The other part of my role in the clan was to help the nonexistents cope with their perpetually underground lives. They couldn’t interact with the overworld any longer since they were considered deceased, so most of their care was focused on helping them cope with sensory deprivation. Many of them used to lose their minds down here, though, in recent years their well-being has been vastly improved by newly installed virtual reality centers. Before that was put in, this place was kind of a torture chamber with a bunch of high-tech computers and beds. It’s no wonder that people would start tripping after years of solitude and emptiness.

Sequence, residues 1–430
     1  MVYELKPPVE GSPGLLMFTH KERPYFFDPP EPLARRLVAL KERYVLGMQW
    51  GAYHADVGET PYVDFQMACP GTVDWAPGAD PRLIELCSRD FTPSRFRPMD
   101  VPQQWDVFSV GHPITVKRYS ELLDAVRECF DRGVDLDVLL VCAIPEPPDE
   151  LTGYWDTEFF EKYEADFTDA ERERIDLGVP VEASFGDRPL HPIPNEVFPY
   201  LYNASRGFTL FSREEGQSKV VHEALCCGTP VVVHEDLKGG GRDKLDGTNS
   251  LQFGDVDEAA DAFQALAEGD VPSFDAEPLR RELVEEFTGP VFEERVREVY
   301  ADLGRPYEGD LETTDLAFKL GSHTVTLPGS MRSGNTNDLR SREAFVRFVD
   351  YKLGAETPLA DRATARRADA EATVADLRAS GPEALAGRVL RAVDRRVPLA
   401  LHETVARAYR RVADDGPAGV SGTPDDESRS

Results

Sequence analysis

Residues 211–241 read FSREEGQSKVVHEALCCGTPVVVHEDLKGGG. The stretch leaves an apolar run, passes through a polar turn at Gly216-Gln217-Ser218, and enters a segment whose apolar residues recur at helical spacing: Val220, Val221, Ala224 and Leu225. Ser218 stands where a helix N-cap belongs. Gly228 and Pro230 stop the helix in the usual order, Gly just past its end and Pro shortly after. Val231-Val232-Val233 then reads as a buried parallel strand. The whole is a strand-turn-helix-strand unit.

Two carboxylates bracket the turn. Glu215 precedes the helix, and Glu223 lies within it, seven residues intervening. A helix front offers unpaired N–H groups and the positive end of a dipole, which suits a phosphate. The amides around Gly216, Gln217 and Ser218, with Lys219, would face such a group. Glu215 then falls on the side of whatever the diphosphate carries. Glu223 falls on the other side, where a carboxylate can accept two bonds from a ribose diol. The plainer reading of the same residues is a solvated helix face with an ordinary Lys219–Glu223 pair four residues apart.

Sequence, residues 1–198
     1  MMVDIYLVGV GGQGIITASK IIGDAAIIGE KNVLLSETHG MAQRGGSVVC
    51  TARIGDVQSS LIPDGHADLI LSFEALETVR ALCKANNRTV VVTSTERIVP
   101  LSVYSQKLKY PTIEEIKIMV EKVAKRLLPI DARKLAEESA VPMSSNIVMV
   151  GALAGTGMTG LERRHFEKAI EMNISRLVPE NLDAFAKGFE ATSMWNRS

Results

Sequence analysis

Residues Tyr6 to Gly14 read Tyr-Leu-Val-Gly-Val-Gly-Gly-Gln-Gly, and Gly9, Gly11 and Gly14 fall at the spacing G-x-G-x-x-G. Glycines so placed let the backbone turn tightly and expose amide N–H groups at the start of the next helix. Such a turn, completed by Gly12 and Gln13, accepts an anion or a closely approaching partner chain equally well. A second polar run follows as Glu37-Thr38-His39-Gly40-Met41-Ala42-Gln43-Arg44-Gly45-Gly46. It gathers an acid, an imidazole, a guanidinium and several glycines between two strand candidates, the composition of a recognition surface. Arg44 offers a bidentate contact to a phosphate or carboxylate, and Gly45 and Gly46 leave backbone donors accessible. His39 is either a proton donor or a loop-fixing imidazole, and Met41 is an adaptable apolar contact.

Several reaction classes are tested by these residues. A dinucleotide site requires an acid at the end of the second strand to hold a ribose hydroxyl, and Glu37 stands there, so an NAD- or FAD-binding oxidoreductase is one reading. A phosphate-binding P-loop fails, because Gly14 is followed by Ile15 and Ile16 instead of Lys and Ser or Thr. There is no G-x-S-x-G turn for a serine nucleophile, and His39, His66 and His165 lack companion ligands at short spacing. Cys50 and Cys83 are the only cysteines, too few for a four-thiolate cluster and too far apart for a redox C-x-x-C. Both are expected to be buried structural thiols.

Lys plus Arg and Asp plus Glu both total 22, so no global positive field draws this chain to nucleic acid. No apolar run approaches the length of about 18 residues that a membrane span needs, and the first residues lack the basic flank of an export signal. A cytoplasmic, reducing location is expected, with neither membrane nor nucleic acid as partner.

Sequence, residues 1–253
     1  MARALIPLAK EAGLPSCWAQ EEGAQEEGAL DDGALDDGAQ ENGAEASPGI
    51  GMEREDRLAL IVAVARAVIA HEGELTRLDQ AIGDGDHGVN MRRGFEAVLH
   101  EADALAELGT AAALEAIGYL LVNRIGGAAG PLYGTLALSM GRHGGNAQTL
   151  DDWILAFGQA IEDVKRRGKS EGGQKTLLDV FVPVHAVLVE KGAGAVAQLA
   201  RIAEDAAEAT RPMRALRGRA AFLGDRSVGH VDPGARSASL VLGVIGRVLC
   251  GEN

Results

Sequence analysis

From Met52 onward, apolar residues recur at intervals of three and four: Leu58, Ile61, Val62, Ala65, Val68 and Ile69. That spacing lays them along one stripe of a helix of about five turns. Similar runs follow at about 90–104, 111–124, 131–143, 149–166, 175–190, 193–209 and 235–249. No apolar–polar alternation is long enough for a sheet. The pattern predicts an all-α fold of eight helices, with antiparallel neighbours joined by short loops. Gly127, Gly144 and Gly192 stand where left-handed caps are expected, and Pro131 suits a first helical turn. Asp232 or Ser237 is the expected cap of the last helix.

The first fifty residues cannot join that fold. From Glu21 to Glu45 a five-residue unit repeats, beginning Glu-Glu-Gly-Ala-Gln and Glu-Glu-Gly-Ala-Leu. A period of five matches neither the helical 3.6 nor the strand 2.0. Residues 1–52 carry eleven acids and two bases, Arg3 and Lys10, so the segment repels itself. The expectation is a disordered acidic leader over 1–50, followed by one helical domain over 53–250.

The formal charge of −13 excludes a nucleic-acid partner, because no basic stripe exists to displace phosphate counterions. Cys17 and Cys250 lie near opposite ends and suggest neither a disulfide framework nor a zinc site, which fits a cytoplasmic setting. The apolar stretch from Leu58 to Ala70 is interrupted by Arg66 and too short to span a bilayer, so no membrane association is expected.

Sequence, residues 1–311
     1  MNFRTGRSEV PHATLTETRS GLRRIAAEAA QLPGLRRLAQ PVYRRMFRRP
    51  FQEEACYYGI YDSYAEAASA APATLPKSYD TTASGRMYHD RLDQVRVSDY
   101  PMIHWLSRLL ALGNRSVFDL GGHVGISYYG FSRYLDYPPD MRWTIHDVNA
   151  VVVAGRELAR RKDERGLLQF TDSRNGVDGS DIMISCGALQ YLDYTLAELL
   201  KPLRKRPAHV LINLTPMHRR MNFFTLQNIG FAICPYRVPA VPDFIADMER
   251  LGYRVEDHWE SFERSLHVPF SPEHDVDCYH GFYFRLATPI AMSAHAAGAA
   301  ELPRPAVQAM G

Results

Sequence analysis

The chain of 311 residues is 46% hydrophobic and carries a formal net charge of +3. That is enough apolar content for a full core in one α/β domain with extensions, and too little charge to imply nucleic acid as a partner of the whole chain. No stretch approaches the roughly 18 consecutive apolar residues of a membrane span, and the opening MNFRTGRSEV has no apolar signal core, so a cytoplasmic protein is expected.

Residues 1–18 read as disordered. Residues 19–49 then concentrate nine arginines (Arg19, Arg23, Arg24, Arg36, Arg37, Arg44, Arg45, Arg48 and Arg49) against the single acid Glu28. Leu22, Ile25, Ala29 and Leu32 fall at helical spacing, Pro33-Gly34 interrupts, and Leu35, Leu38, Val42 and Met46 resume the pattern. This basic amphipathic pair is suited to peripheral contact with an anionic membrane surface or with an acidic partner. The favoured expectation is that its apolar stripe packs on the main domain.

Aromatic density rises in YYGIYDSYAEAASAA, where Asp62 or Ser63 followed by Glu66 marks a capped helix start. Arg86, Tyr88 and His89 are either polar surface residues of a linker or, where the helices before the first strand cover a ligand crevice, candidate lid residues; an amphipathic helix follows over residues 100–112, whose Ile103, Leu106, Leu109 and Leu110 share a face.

If it wasn’t already clear from my position in the clan, I was a nonexistent myself. As such, after placing the unfinished letter under my clothes, I crawled onto the mattress that lay on my concrete floor. Tomorrow was a big day. It was the day of the gathering. The box I was encased in began to fade as I lifted off into the dream world.

Next Chapter->

Chapter List